Our final evening began with a profound hour of yoga and meditation that created this serene awe that carried throughout dinner. Then, musician and DJ Matthew Hahn took center stage for the night. He explained how he makes music, made a song on the spot with us, and then broke out his DJ set and turntables for what I'd guess to be a three-hour set.
With the lights off and beer to finish, we drank and danced and laughed late into the night, for in the morning the friends we'd forged over the past four days would scatter far and wide, back home, from Hawaii to New York.
What I Learned from WONDER WANDER 2018
There's something unexpected and special on the other side of fear. It's a lesson I've learned again and again that I often forget in my darkest moments of doubt: that fear is the needle of your heart's compass. It gathers around the ambitions we care most about.
More work goes into a gathering than I expected. It's all worth it. The amount of time it took to bring together WONDER WANDER 2018 was, at a minimum, double what I anticipated. There was a low point a month before our gathering when three participants backed out the same week and I wondered if it was worth the effort. It unquestionably was.
Wondering and wandering are things that attract my kind of people. Perhaps the most amazing aspect of WONDER WANDER 2018 was the quality of people it attracted. To meet a dozen people you hope to be friends with the rest of your life, in the same day, was a weird, wonderful experience.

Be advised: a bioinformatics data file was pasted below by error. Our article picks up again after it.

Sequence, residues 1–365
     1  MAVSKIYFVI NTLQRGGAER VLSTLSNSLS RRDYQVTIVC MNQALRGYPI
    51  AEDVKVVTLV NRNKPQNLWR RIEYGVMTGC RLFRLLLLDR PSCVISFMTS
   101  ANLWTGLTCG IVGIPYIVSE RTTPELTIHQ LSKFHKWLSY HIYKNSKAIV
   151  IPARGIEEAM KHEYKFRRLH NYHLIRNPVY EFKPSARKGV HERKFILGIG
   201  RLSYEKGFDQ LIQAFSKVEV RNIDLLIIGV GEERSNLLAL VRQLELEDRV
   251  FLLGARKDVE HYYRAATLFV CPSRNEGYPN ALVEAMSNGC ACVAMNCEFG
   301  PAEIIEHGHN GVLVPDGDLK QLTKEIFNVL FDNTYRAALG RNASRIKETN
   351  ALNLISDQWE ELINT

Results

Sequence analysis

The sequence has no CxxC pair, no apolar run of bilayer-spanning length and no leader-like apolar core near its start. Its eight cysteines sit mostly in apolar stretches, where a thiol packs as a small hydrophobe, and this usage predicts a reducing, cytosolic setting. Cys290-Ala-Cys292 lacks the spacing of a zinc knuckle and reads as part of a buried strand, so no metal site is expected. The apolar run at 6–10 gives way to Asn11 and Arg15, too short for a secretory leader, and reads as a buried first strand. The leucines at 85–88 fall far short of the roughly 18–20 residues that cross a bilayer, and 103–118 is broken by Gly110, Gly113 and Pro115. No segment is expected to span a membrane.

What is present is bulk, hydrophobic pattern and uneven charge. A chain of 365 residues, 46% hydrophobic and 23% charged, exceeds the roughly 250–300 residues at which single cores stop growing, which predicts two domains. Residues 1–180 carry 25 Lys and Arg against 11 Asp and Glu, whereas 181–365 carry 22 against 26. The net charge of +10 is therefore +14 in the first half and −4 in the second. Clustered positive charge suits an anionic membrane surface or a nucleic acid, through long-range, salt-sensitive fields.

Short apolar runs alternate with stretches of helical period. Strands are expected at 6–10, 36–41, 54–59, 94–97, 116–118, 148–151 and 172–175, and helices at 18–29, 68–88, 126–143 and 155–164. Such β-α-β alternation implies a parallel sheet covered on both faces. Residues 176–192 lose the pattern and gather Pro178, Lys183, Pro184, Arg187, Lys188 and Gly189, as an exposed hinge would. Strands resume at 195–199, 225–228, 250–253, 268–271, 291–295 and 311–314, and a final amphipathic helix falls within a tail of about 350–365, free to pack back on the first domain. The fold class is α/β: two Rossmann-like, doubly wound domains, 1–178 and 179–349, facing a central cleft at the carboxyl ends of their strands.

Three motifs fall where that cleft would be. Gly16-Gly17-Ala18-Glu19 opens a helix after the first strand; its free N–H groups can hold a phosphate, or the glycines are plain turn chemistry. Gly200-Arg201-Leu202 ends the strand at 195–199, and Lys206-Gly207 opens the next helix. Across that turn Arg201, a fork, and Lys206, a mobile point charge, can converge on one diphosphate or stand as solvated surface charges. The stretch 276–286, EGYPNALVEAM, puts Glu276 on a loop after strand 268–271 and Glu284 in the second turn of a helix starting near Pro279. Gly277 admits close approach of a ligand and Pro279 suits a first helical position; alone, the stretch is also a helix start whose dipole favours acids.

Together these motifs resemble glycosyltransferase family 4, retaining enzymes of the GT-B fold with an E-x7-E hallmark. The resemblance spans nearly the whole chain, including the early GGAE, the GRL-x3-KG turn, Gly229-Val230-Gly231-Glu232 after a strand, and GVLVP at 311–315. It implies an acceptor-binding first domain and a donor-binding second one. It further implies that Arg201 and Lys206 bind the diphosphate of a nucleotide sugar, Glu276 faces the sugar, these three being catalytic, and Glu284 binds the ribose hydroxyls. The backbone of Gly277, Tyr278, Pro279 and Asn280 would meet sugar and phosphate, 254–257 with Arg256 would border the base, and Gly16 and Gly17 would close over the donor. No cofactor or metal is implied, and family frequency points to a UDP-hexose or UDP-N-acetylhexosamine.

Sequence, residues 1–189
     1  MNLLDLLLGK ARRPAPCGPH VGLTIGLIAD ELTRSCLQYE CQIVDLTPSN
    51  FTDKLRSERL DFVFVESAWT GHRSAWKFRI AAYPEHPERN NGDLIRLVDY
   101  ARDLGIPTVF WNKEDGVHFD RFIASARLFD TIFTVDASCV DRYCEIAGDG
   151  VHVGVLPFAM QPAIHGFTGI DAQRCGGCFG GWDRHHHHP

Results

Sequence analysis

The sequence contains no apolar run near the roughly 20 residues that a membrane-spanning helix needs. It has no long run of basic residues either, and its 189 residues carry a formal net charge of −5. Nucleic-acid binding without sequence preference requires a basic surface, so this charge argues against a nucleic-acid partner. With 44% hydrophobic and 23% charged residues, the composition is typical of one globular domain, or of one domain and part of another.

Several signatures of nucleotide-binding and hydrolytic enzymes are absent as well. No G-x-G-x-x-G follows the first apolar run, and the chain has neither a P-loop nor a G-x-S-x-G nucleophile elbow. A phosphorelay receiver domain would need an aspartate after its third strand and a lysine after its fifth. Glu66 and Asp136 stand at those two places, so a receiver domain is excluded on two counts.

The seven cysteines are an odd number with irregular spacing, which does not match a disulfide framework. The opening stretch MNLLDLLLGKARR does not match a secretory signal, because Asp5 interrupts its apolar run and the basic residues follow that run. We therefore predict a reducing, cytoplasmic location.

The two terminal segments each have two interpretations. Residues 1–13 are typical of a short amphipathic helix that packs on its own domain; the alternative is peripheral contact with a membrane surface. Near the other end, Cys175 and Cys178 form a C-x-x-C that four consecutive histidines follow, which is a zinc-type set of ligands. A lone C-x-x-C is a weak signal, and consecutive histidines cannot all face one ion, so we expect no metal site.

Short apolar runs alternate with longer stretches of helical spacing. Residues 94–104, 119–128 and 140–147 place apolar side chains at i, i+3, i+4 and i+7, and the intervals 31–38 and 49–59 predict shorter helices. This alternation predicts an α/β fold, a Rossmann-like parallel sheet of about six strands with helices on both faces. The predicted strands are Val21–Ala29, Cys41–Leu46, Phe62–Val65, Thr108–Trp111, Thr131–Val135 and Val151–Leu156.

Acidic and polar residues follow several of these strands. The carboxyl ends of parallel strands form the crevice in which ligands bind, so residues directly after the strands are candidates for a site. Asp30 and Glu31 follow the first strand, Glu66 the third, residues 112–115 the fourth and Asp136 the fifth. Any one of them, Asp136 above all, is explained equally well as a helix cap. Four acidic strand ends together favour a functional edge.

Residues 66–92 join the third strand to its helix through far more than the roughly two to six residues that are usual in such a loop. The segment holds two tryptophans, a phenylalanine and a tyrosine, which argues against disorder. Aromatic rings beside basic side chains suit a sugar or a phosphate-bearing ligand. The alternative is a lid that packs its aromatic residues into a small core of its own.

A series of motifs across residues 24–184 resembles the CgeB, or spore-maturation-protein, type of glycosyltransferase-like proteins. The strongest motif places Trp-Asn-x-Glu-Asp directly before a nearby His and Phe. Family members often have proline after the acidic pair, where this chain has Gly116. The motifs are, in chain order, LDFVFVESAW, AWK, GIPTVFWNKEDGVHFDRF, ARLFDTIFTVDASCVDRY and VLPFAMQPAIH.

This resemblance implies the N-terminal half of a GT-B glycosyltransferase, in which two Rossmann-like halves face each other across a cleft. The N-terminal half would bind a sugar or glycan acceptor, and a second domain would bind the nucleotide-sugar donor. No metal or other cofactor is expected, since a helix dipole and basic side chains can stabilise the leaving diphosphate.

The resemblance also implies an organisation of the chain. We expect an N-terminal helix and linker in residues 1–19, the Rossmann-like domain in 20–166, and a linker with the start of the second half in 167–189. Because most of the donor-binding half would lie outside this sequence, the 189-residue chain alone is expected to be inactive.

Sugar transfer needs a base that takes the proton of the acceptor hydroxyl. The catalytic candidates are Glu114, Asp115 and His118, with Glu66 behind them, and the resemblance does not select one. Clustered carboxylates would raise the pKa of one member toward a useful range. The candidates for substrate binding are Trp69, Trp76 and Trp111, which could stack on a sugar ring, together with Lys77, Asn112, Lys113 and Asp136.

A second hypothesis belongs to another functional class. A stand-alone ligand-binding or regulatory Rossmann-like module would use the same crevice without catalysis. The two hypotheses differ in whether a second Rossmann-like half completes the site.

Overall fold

Strangers become fast friends in intentional immersion. When people come together with the intention of sharing the depths of themselves with others—without the usual prerequisite of first discovering that another is worth being vulnerable with—bonds form fast.
The more I get out of my way, the better. Viktor Frankl touted the moment between stimulus and response as the fountain of freedom. But it's also the fountain of hesitation, “a mental wobbling,” Alan Watts might say. In social situations, I often find myself struggling to close that gap between stimulus and response—to just be myself without any puppeteering.
Experiences are meant to be shared. I felt a wholeness unlike I've felt in a long, long time at our gathering. Not just from being surrounded by good people, but from sharing the experiences I love most with them.
We do different things for the same reasons. The actions of a geologist, musician, and yoga instructor are very different, but why we do anything is remarkably similar (curiosity, a sense of contribution, purpose, financial rewards etc.).
Our most important achievements are not external. A question we all answered in writing and later discussed was, “What are your top 10 achievements?” Among a discussion group of five everyone's greatest achievement was overcoming something internal that hindered their experience of life.
We are alive, and that's always a reason to celebrate. In planning our gathering, I was so focused on experiencing wonder and fostering an environment of openness and learning that I totally neglected celebration. Luckily, it happened naturally. From a late night game of Kings Cup to the last night's DJ set that instead of lying on the ground, eyes closed, in full focus on the music, we got up and danced and laughed and joyed in our final moments together.
Will I host another WONDER WANDER event?
It's a question most of this year's participants have asked already, which I take to be a good sign! I had such fun, gained such insight, and felt a wholeness unlike I've felt in a long time. Most likely, YES.